My First House (page 4 of 5)
Location. Location. Location.
It may be the oldest cliche in real estate but the location of your home is as important as the floor plan and design. ZILLOW.COM is a website that lets you search homes for sale on a map.
Trulia Mobile App
The Trulie Mobile App is a great way to shop for a house. Look for it at your app store.
10 Tips to Finding the Perfect Home
Finding Your House
Congratulations! You should be pre-approved and it's time to start looking for the home of your dreams. When making such an important life and financial decision it's important to remember it's not always easy. Buying a home can be a high-pressure, extremely emotional decision.
You may want a brand new, 4 bedroom, 3 bathroom, 3,000 square foot house with the perfect yard. You will probably be able to find this house, just know that perfect houses come with high price tags. Remember, when you find a house that has everything you want, it's probably a house everyone else wants, and you have to pay top dollar for it.
Here are some tips to remember when shopping for your first house.
When deciding if a particular house fits your budget you need to look beyond the list price and your probably mortgage payments. To make an honest comparision of all costs you're incurring be sure to include the following items. A good starting point would be to budget no more than 33% of your gross monthly income for your home.
- Mortgage Payment: CLICK HERE to use our mortgage calculator to calculate your monthly payments.
- Property Taxes: Each city charges a different amount for property taxes. Be sure to find out what the annual property taxes are for the property when looking at houses.
- Insurance: Since your home is such an important financial commitment it must be insured. You can often save on auto & home insurance when you get them from the same insurance company. It's always a good practice to get estimates from more than one company.
- Townhome/ Condo Association Fees: Townhomes & Condos can be great for your first home because someone else may be mowing the grass, moving snow or maybe even re-shingling the room when it's needed. These services aren't free, typically you pay a set amount each month. If you're looking into one of these homes be sure to get a copy of the Townhome or Condo Assocation's agreement/ contract.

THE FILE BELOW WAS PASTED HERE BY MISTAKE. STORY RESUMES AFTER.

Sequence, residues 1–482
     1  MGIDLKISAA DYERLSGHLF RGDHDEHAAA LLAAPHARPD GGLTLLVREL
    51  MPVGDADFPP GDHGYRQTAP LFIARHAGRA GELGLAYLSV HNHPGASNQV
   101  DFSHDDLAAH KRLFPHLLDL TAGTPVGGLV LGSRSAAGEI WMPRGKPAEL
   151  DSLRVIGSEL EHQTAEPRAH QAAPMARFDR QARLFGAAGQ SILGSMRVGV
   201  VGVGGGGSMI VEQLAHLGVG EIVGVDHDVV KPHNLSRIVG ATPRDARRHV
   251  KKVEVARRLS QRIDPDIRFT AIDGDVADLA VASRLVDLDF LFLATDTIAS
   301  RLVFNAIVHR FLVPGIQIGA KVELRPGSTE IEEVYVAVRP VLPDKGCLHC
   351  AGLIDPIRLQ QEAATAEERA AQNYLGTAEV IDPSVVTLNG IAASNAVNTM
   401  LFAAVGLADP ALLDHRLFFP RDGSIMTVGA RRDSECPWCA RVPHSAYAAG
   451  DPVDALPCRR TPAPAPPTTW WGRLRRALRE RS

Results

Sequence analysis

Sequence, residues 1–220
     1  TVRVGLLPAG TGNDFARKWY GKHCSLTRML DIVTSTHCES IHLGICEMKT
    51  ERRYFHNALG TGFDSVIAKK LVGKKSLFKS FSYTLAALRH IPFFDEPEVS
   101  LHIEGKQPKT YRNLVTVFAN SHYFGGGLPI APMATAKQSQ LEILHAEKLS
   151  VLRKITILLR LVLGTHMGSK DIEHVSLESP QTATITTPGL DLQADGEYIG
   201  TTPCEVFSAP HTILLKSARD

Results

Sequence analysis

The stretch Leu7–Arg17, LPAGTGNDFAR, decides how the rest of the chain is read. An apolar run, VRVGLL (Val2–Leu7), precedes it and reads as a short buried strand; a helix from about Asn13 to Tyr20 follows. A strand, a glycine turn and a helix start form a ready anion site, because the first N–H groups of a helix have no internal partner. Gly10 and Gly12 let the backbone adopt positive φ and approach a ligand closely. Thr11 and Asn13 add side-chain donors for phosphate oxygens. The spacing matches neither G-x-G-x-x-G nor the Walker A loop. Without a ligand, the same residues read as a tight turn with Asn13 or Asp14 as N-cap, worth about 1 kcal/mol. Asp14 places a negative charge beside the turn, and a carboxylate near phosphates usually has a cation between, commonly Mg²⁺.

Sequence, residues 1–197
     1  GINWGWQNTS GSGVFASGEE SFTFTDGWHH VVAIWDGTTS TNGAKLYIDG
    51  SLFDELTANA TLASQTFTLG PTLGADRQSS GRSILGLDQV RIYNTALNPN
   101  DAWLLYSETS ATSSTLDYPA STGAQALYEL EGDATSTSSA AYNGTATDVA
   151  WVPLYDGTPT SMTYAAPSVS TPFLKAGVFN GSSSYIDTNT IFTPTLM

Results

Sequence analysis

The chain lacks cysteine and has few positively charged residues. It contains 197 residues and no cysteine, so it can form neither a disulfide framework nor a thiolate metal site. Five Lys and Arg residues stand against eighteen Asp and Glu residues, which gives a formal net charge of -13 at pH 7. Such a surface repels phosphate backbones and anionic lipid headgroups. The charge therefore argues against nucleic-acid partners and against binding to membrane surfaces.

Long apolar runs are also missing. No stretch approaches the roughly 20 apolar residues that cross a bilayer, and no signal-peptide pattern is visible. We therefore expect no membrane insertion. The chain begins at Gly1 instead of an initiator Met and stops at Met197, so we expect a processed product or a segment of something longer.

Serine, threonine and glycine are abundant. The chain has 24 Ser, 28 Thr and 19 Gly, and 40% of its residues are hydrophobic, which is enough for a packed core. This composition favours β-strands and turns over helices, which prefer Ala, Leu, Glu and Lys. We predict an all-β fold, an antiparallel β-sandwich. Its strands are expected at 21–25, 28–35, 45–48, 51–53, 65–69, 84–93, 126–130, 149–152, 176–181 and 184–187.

- Utilities: Each house is a little different. If you're looking at buying an older house the utilities may be higher. The best way to determine the monthly costs is to get a copy of a winter & summer bills including trash removal, water/ sewage, gas and electric.
- Maintenance: When you're a home owner if something breaks, you have to fix it. It's good to save 2-4% of your homes purchase price to spend on maintenance each year. You can also talk to the seller or your real estate agent about a home warranty.
Each buyer may have a different definition of what is an "acceptable condition" for a home, as may each seller. Unless you're buying a brand new house, your home may need some upgrades. What you need to do is be sure the issues aren't structural and don't come with a big price tag.
Major issues like a cracked foundation, leaky roof or insect problems can cost you big money. Minor issues such as outdated decor or paint colors can be easily updated and make a big change to the overall feel of your home. Other issues to consider are the age of appliances, condition of windows and potential remodel are also items to consider when shopping.
To fit a budget you may have to look at a smaller house than you would initially prefer. Often when people think of house size they think of square footage, but that can be misleading. When comparing square footage consider how the space is laid out and how that fits what you want. Remember to consider:
Closet Space: Don't go for the most number, measure the length and determine which has the amount of closet square footage and how it will hold your household items.
Bedrooms: Are there enough? Are the sizes to your liking? One thing to consider is your future expansion plan. Do you have kids or are they in the near future? (If so check out our newborn page). Another consideration is whether there's room for guests. If there aren't bedrooms is there another space that could work, like an attic or basement?
Working From Home: If you work from home is there a space for a desk and computer?
Can I Live in the Kitchen: If you love to cook this could be a make or break room in the house. What's the overall feel? Are you looking for a one-wall, galley, L-shape, horseshoe, island or peninsula style? Don't forget to think about how the space fits you, your family and your guests. The most inportant question to ask is whether or not this kitchen suits your needs.
Location. Location. Location. The location you select will have as big of an impact as anything. The distance from work and what more or less drive time will do to your free time and budget.
Also consider the type of neighborhood you'll be in. Spend some time hanging out around the neighborhood you think you want to move to before putting an offer in on a house.
Resale value should also play a part in your decision making process. Since there is a good chance you'll move again ask yourself if your new house would be difficult to sell 10 years from now.
To get more house for your money, you may look along the edge of your preferred neighborhood or possibly in a smaller town nearby. To determine whether moving farther out is worth the sacrifice, look at a house in the area you like and a similar one 15 to 30 minutes away. Do a test drive, if the drive and added fuel costs don't bother you it may be worth looking at a house out of town.
CLICK HERE to go to step 5 (What to look for at closing)